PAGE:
A Realistic Timeline with a Short as Possible Path to Completion – There is a saying in business that time kills all deals. Simply, projects that take too long to implement lose momentum, struggle to allocate resources, must contend with staff turn-over, and eventually become irrelevant leading to failure. But it is also problematic if a project is rushed to completion. Like Goldilocks, the project team must develop a timeline that is “just right” balancing the need to complete the project tasks thoroughly while striving to minimize delays. This is easier said than done. First, determine the timeline required to do the project tasks. Then determine the possible Go-Live dates (notice the plural). Find the Go-Live date that fits the timeline but also allows you to schedule “flex” or “catch-up” blocks before critical milestones. These blocks are used to drive the project back on schedule enabling success implementing WMS solutions.

Customer Dedication to the Project – I can’t over emphasize the importance of the entire customer team being dedicated to the success of the project. And yet there are projects where members of the executive management team provide little or no assistance to the success of the project because they didn’t vote for it. There are internal turf wars between departments resulting in resources not being adequately allocated at key tasks. And as discussed previously, there is the belief that it is the almost sole responsibility of the vendor to do the work. A successful implementation project requires dedication from upper management and throughout the department stake holders.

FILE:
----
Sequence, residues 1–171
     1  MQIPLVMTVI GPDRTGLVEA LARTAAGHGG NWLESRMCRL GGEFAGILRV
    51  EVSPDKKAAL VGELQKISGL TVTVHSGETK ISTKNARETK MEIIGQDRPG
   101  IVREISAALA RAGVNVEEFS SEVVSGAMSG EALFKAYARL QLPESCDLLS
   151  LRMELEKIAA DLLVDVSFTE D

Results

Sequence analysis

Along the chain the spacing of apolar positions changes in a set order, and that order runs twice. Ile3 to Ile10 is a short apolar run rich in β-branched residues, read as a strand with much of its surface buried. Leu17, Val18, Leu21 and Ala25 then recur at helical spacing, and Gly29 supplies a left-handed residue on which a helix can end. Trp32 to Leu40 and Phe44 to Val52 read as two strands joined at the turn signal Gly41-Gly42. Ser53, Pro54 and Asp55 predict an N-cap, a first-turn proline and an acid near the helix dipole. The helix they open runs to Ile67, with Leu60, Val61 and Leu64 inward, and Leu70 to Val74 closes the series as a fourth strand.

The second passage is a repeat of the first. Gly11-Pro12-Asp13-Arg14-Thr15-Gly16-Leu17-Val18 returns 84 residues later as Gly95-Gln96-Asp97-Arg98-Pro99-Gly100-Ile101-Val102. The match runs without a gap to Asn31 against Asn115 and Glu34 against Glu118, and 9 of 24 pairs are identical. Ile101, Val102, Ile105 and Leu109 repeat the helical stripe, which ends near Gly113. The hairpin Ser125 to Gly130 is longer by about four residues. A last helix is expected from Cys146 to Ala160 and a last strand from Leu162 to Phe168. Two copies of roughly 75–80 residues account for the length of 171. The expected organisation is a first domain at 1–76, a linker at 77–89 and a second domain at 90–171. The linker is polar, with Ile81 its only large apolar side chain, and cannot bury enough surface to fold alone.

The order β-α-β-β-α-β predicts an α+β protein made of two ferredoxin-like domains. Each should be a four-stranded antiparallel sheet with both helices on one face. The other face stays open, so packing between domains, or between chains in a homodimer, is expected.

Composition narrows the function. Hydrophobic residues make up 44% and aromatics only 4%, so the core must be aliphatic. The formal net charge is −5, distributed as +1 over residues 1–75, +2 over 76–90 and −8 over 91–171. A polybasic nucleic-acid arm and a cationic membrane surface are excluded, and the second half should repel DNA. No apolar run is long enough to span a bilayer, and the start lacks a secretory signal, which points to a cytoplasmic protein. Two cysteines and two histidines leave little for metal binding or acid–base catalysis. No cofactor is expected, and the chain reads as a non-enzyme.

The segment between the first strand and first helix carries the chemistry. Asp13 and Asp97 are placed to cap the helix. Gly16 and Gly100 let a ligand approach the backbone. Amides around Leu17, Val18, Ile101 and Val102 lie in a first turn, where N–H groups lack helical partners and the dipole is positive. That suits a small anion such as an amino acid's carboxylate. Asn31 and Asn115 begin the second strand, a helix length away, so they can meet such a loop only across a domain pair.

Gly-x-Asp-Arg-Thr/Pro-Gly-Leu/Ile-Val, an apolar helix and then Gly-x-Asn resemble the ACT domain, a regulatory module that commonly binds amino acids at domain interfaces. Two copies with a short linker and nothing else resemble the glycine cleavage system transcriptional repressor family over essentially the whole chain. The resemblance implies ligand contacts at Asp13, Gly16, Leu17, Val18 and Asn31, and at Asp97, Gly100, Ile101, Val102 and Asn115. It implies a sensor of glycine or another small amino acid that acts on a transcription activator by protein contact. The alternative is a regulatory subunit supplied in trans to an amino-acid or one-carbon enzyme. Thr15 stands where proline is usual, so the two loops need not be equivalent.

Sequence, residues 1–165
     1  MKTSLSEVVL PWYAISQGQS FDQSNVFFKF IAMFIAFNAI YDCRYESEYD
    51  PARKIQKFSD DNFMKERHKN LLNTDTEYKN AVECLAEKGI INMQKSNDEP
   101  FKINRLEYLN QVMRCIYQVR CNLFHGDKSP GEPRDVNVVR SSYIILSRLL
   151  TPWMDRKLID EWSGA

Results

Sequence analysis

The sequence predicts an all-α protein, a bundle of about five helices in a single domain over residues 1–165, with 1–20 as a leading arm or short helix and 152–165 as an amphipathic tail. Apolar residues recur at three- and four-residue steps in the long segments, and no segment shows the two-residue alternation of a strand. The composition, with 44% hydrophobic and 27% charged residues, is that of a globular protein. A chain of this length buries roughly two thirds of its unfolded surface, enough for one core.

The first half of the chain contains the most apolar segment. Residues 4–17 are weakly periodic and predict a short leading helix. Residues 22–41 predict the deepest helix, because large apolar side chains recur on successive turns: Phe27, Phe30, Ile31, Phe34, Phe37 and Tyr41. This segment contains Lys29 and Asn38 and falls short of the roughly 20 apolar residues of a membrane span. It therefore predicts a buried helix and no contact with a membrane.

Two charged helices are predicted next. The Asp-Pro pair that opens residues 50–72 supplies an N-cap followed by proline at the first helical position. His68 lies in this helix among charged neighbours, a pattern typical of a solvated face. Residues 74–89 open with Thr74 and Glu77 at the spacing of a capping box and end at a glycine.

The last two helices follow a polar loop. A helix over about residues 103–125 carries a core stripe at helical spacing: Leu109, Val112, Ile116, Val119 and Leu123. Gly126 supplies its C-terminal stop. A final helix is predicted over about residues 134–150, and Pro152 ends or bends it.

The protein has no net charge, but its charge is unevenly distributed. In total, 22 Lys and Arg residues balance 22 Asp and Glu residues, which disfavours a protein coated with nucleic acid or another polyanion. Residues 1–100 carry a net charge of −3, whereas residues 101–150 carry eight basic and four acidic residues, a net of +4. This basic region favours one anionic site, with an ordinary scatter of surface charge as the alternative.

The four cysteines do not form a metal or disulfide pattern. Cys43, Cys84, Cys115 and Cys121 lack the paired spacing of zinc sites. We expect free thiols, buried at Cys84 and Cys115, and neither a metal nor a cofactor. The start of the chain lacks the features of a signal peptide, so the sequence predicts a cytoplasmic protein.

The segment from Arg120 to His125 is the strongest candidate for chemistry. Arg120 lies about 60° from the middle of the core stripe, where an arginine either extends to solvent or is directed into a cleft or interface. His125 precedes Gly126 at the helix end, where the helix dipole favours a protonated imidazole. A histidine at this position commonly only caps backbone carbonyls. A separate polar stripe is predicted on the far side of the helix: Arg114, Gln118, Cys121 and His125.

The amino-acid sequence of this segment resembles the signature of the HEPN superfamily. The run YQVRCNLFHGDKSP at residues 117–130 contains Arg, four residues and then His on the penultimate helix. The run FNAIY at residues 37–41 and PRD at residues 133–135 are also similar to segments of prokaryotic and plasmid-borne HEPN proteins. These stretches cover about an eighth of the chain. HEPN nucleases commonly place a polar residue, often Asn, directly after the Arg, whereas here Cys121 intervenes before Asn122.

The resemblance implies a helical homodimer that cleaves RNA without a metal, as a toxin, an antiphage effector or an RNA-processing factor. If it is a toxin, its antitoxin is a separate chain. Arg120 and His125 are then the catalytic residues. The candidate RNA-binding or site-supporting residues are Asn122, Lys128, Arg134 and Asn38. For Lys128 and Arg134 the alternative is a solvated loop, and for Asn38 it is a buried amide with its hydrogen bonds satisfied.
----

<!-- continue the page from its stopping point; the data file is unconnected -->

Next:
Test, Test and Test Again – Your project plan timeline should have one of its largest allocation of time set aside for testing. Testing is so important. It helps identify how changing parameters can impact operations. It helps identify problems before Go-Live. It helps identify processes that might have been missed in the Scope Document. It provides training reinforcement which, in turn, makes users more proficient on the system. There are three important keys to testing. First, allocate time for both a vendor (alpha) and customer (beta) test of the entire system and any points of integration. Second, create a detailed test plan that identifies every process in the system and a corresponding signoff that the test was performed and accepted. Finally, create a large and quality volume of test data. A good test will involve hundreds (yes hundreds) of transactions and help insure the goal of success implementing WMS solutions.

Schedule Weekly Progress Meetings – At the end of the day, the customer wants to know if the project is on-track or failing. Regular status meetings keep lines of communication open between the team members. They should be short (10 to 15 minutes) but can be longer if there are important issues which need to be discussed. At a minimum the team should review the project plan providing an update on tasks that were assigned during the previous week and an overview of tasks assigned for the upcoming week. Tasks that are no longer on schedule need to be addressed immediately and a plan created to get the tasks completed and the project back on track.

Success implementing  WMS solutions takes time, effort and planning. Focusing on these success factors will certainly help in creating a successful project. You are certainly encouraged to research other factors which may also be helpful. Good luck and stay positive.

Jim Cawley


  1. viagra

    Hi there! Someone in myy Facebook group shared this website wikth us so I came to check it out. I’m definitely enjoying the information. I’m bookmarking and will be tweeting this to my followers!

  2. lemon sandwich

    Do you have any video of that? I’d love to find out some additional

    • jimcawley

      I’m sorry, we don’t have any videos on that topic but we are expanding our video library. Please check back and visit our media center.

  3. Ryan

    Hmm is anyone else having problems with the images on this blog loading?
    I’m trying to determine if its a problem on my end or if it’s the blog.

    Any suggestions would be greatly appreciated.

Leave a Reply

Your email address will not be published.Required fields are marked *

You may use these HTML tags and attributes: <a href="" title=""> <abbr title=""> <acronym title=""> <b> <blockquote cite=""> <cite> <code> <del datetime=""> <em> <i> <q cite=""> <s> <strike> <strong>